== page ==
Matt’s Favorite Visual Studio Code Extensions

Back in October, I decided I was going to “force” myself to use Visual Studio Code as my only editor instead of Atom (to be clear, I also continued to use vim). The experiment has been a rousing success; I haven’t opened Atom since them. I’ve found VS Code’s performance to be staggeringly superior, and the Go extension specifically has made me really happy.

With that, I decided to compile a list of the VS Code extensions that I have found most helpful in my journey. Keep in mind, this is a list of extensions that are based upon my workflows and tools. If you don’t work on the same technologies as I do, you might not find them as useful.

  • Bracket Pair Colorizer — forever answers the question “Which opening parenthesis does this close?”
  • Chef Extension — Support for the Chef DSL, plus some awesome snippets. Even provides support for cookstyle linting.
  • Docker — Because you can’t DevOps without Docker. In addition to some Command Palette actions for Docker commands (which, to be honest, I’ve not tried yet), you get syntax highlighting for your Dockerfile and docker-compose.yml files.
  • Gist Extension — Pretty basic, but it does the job. Makes it nice and easy to create and edit GitHub Gists from VS Code. [1]
  • Git History — Check out the history of a file (i.e., git log or the history of a single line (i.e., git blame). For blame, I prefer the Git Lens extension listed below, however.
  • Git Lens — Here we go…this is pretty essential if you do anything git related in VS Code. One of my favorite features is that it provides highlights of all lines changed in the most recent commit.
  • GitHub — Work with things like Pull Requests directly from within VS Code.
  • gitIgnore — Pretty straightforward. Syntax highlighting for your .gitignore files. You can even use a command to generate a .gitignore from the github/gitignore repository.
  • Go — This is pretty much the thing that got me to switch from Atom to VS Code. I can’t even begin to list all the features. If you code in Go, you can’t possibly be using VS Code without this extension. Install it now. We’ll wait.
  • Intellisense for CSS Class Names — Fun type-ahead completion of your custom CSS classes, as defined in the current workspace (or linked references). You won’t know how you worked without it.
  • Markdown PDF — My colleague Eric Sigler and I were recently bemoaning the fact that no code editor has a “print” function. Yes, sometimes you still do need to use dead trees. But more often than not, you just need to dish your Markdown into a PDF to share with people who don’t read Markdown natively. This extension does what it says on the tin.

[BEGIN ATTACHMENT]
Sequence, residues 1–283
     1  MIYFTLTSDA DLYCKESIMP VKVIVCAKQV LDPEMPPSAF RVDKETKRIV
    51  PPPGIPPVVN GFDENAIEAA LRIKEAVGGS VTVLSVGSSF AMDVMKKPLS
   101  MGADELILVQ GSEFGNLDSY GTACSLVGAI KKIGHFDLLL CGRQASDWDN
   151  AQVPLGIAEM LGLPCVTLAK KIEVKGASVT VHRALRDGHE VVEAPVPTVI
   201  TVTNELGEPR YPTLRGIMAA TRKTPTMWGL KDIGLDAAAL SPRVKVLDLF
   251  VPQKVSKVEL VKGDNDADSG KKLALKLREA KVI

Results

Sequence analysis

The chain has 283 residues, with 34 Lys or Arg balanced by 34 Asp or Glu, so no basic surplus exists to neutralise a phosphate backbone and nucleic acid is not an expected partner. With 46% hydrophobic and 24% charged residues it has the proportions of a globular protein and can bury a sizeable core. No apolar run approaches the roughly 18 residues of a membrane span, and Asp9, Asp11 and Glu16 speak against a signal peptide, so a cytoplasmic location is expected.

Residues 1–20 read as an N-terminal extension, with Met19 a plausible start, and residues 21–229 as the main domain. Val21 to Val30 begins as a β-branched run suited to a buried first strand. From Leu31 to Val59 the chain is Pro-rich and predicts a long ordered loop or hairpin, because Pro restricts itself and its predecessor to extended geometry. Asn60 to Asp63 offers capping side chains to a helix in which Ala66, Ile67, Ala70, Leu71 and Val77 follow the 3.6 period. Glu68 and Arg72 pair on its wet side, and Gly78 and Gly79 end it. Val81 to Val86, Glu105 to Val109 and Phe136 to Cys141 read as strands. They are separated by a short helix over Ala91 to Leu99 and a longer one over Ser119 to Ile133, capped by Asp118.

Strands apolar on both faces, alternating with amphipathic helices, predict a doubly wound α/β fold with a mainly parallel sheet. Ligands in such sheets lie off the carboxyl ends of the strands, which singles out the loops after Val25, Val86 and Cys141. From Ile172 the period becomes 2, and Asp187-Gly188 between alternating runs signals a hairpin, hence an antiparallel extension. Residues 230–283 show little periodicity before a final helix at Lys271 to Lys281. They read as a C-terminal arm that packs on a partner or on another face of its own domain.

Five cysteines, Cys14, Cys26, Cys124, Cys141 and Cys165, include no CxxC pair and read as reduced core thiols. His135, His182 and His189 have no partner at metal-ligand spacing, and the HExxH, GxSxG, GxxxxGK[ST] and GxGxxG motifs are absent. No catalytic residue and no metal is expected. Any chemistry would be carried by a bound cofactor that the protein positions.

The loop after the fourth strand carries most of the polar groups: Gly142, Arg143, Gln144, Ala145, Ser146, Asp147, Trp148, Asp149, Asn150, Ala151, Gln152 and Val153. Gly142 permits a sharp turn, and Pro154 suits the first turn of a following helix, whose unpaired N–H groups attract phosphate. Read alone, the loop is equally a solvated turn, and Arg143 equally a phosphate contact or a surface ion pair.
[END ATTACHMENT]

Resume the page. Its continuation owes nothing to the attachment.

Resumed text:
• Markdown Preview Github Styling- Admit it. 99% of the Markdown you write in VS Code is for use in a README or similar on GitHub. This applies the Markdown Preview function of VS Code to look like GitHub’s.
  • markdownlint- It’s kind of nice to have linting on your Markdown. This extension is both awesome and the bane of my existence at the same time (I keep violating rules that annoy me, such as MD001 header-increment - Header levels should only increment by one level at a time. Luckily, you can tell the linter to ignore certain rules, either globally, or on a project-by-project basis. (Tower is a paid product; a similar one that is pretty popular is GitKraken, but I haven’t found any VS Code extensions for it)
  • Open In GitTower- While I know that awesome people only use git at the command line, I occasionally find value in using a GUI. One of the only ones that I have found adds value is Tower. This extension just makes it easy to pop the project open in there.
  • Project Manager- Pretty straightforward…just create a list of your common projects, and you get a nice command palette action to browse/open them.
  • REST Client- It’s not a replacement for Postman, but if you want to try out some REST calls from within your code, this works pretty well.
  • Sass- adds indented formatting to your SCSS files. Small things mean a lot.
  • Syncing- keeps your settings backed up to a secret GitHub gist (you can use a public one if you like, although I prefer a secret one, which is the default). This is helpful a) to keep your workspace in sync across multiple machines, and b) when you get a new machine, to add all your settings (including extensions). NOTE: This sync doesn’t happen automatically; you need to run the command.
  • Travis CI Status- Keep up-to-date on the status of your project in Travis.
  • WakaTime- “Fitbit for Programmers”. Keeps track of what projects you are spending time on. You can see mine at

What extensions have you found that are super awesome? Let me know in the comments!

[1] If you use 2FA with your GitHub account, you’ll need to set a Personal Access Token (only needs gist access) and then pop it into your VS Code settings like so: "gist.oauthtoken": "XXXXXXXX"